2012 Olympics: Saudi Athlete Wojdan Shaherkani Forced to Compete Without Hijab, Mix with Men

| by Alex Groberman

For the first time, every single country participating in the 2012 Olympics will have at least one woman present. This historic and clearly momentous achievement comes with an asterisk, though.

While Saudi Arabia (which in 2008 was one of only three countries to not send any females) has finally ceded some ground and permitted two women to attend this year’s games, they did so under certain conditions.

According to Prince Nawaf bin Faisal’s recent interview with Al-Jazirah, the women could compete so long as they were "wearing suitable clothing that complies with sharia," and "the athlete's guardian agrees and attends with her."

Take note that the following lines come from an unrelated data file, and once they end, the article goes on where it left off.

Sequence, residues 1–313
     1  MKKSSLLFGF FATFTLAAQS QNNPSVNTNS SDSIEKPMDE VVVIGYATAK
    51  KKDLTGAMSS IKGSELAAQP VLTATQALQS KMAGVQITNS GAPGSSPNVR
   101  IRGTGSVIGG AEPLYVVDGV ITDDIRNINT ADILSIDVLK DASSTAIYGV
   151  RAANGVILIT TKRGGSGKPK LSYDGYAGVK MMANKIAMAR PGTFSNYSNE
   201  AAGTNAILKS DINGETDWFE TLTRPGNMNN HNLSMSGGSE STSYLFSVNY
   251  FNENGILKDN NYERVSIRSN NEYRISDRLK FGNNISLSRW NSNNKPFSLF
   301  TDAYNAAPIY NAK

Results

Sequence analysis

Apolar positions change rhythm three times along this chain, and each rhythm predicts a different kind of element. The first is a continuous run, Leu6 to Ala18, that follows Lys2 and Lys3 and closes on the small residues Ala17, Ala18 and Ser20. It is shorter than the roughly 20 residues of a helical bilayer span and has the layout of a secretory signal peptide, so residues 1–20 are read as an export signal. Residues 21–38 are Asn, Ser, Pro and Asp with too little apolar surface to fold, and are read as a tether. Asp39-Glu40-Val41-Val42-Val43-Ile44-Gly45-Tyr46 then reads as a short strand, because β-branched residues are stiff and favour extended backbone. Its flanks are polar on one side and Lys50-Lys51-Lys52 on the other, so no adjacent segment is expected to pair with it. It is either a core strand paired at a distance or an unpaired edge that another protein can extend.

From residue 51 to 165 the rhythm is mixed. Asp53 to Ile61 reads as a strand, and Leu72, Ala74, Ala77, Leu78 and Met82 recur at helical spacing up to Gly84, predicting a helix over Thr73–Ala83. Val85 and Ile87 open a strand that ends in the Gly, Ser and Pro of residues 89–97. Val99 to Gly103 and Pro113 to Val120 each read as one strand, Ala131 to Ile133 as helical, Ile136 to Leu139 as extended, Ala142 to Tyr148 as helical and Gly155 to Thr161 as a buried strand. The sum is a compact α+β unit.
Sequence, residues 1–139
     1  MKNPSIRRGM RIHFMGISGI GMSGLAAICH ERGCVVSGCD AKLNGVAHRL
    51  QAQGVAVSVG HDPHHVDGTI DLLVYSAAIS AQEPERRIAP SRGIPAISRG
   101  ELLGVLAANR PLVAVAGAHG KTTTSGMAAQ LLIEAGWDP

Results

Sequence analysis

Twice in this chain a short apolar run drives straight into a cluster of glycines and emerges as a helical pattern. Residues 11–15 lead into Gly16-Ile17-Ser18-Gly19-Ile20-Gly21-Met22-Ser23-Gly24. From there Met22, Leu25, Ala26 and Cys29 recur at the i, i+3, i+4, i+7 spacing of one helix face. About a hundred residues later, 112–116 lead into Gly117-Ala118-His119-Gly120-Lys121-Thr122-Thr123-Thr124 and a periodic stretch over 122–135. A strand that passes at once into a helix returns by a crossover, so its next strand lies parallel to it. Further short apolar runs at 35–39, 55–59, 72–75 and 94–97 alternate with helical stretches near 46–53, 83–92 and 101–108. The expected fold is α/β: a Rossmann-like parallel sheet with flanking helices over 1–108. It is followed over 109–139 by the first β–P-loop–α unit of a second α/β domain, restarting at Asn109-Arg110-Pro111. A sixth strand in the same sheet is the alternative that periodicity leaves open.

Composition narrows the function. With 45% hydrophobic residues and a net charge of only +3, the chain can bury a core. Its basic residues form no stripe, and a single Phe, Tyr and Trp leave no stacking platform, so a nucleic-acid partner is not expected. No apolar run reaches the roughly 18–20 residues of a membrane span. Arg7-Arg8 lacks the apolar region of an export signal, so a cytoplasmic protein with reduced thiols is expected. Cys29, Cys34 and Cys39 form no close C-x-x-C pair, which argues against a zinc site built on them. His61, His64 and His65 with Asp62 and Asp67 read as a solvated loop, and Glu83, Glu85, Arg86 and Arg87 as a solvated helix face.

Predictably, the “suitable clothing” restriction became an immediate impediment for all involved.

On Thursday, International Judo Federation president Marius Vizer came out and announced that Wojdan Shaherkani, one of the two women sent to represent the Saudis in London, could not wear her hijab head scarf while fighting.

"The Saudi Arabian athlete will take part in judo and she will fight according to the principle and spirit of judo, so without a hijab," he said.

The headwear isn’t Shaherkani only problem. Before sending them to London, the powers that be back in Saudi Arabia also gave their female athletes one other restriction: no mixing with men.

According to Yahoo, Olympic judo protocol calls for men and women to warm up in the competition hall, and then fight near one another in the actual competition area.

So far, Shaherkani hasn’t given any indication that this stuff will be a problem. It's still early, though.

(Kudos Yahoo)

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